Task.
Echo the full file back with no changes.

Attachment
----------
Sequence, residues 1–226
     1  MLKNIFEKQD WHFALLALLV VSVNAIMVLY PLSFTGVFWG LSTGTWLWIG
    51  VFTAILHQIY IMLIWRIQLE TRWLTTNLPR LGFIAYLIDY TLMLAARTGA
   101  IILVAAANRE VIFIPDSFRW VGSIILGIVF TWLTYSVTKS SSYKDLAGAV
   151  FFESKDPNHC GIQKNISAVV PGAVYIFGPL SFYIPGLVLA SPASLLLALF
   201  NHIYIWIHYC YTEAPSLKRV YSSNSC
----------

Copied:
Sequence, residues 1–226
     1  MLKNIFEKQD WHFALLALLV VSVNAIMVLY PLSFTGVFWG LSTGTWLWIG
    51  VFTAILHQIY IMLIWRIQLE TRWLTTNLPR LGFIAYLIDY TLMLAARTGA
   101  IILVAAANRE VIFIPDSFRW VGSIILGIVF TWLTYSVTKS SSYKDLAGAV
   151  FFESKDPNHC GIQKNISAVV PGAVYIFGPL SFYIPGLVLA SPASLLLALF
   201  NHIYIWIHYC YTEAPSLKRV YSSNSC